Last week, new research revealed that a man without the APOE gene—which helps to carry cholesterol and, in certain forms, dramatically increases a person’s risk of developing Alzheimer’s disease—was able to function normally. The news has important implications for Alzheimer’s research, suggesting that if scientists could develop therapies to inhibit the potentially toxic effects of APOE, patients could take the drug without fear of neurological complications.
While this news is encouraging, it’s important to note that the road from understanding what a gene does to creating a therapy to fix it is long and often indirect. For more than 20 years, scientists have known that a specific form of APOE, called APOE4, substantially raises a person’s risk of Alzheimer’s disease, yet we still don't have a drug to treat this. (And there are many more diseases, such as Huntington’s, for which the genetic factor is well-known and a cure remains out of sight.)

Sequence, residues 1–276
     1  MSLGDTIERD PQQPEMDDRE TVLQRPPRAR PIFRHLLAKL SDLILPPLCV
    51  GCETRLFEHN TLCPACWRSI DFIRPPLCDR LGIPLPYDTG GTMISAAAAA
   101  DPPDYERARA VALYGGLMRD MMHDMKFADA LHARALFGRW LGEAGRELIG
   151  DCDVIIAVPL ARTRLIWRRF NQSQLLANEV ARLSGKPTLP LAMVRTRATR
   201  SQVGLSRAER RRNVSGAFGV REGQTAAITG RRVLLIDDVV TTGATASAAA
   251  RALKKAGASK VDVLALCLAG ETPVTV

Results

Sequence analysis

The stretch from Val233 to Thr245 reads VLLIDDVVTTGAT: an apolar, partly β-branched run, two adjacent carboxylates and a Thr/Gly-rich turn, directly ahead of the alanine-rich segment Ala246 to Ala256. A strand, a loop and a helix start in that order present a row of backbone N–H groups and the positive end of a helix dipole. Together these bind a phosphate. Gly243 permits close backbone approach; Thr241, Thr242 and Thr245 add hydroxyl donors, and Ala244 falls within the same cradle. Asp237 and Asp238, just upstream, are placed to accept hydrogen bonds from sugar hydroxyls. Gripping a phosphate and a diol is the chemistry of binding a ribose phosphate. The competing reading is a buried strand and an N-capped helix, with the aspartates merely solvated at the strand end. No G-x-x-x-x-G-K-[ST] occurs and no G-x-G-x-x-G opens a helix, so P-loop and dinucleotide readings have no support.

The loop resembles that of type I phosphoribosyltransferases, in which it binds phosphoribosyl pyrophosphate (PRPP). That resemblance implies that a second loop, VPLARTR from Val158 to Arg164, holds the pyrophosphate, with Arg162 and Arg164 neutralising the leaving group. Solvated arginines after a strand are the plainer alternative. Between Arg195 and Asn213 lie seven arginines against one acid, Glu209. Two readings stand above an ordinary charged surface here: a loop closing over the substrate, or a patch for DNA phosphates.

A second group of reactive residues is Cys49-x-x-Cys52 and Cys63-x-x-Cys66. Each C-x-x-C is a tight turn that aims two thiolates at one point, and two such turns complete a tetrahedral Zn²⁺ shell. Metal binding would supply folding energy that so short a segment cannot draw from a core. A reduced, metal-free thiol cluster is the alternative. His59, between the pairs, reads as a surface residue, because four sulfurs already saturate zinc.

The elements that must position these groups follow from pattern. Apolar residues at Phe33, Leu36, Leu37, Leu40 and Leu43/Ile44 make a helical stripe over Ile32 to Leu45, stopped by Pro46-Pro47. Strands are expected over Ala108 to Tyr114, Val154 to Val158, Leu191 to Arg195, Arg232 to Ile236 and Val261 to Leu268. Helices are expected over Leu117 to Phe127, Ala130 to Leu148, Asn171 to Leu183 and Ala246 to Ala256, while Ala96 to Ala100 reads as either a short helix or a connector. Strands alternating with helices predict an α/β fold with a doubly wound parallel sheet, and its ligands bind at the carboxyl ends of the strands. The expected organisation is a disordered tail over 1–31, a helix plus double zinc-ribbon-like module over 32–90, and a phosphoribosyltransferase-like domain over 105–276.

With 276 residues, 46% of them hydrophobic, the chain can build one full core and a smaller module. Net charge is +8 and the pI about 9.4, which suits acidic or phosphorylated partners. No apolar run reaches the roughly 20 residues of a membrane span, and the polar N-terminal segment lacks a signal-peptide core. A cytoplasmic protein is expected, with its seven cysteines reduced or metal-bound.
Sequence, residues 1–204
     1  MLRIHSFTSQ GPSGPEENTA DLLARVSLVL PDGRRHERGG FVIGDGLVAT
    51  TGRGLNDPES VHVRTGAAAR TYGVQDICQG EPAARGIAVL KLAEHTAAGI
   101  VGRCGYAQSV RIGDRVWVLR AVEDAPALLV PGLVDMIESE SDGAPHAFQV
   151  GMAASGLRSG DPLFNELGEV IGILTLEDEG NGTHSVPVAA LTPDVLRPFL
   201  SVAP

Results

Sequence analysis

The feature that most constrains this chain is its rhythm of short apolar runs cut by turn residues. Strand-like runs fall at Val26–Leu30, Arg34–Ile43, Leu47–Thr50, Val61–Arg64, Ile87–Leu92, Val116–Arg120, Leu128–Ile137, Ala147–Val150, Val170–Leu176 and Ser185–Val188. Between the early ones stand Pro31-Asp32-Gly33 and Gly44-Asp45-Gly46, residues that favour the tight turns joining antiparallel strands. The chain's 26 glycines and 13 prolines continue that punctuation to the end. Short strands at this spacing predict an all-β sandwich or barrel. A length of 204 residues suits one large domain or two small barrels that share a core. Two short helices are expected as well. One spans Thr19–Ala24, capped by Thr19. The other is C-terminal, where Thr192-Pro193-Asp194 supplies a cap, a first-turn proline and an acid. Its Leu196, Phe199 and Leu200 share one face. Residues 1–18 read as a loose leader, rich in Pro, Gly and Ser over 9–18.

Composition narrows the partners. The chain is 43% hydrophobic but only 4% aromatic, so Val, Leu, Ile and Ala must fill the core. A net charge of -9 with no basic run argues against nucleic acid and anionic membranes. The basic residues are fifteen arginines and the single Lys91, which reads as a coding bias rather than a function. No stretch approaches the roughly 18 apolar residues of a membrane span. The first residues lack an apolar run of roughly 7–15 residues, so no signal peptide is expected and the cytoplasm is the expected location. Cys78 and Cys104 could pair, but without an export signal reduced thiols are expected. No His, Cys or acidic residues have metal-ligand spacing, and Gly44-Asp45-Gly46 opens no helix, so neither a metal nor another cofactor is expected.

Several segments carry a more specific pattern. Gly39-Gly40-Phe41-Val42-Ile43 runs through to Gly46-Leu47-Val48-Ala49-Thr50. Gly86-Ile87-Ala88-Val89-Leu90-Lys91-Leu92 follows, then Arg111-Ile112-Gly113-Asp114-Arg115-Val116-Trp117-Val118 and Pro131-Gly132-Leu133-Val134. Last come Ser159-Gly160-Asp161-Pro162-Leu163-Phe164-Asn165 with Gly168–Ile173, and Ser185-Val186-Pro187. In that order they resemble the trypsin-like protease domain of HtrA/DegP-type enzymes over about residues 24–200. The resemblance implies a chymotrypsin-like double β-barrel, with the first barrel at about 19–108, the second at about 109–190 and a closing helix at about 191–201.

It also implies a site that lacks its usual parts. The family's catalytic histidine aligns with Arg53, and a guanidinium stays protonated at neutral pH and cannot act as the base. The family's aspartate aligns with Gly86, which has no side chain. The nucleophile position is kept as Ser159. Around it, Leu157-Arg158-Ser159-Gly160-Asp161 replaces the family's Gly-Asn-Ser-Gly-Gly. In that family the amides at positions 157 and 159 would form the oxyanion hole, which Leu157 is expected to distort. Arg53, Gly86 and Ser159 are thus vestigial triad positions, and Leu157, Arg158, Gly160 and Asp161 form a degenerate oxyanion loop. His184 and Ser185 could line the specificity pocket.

But APOE drug research in Alzheimer’s is progressing. With your support, the Alzheimer’s Drug Discovery Foundation has provided more than $4.2 million in APOE research funding for 19 unique drug discovery programs.
We are currently funding Dr. Stephen Paul of Weill Cornell Medical College, whose research was highlighted in The New York Times. Dr. Paul is developing a gene therapy that involves implanting a virus containing APOE2 (a rare but possibly protective variation of the APOE gene) to "fix" the APOE4 defect. He has already shown that this approach is therapeutic in small mammals with Alzheimer's, and he is hoping to test the approach in human clinical trials.
Read more about what APOE means for your health on the ADDF's Cognitive Vitality website.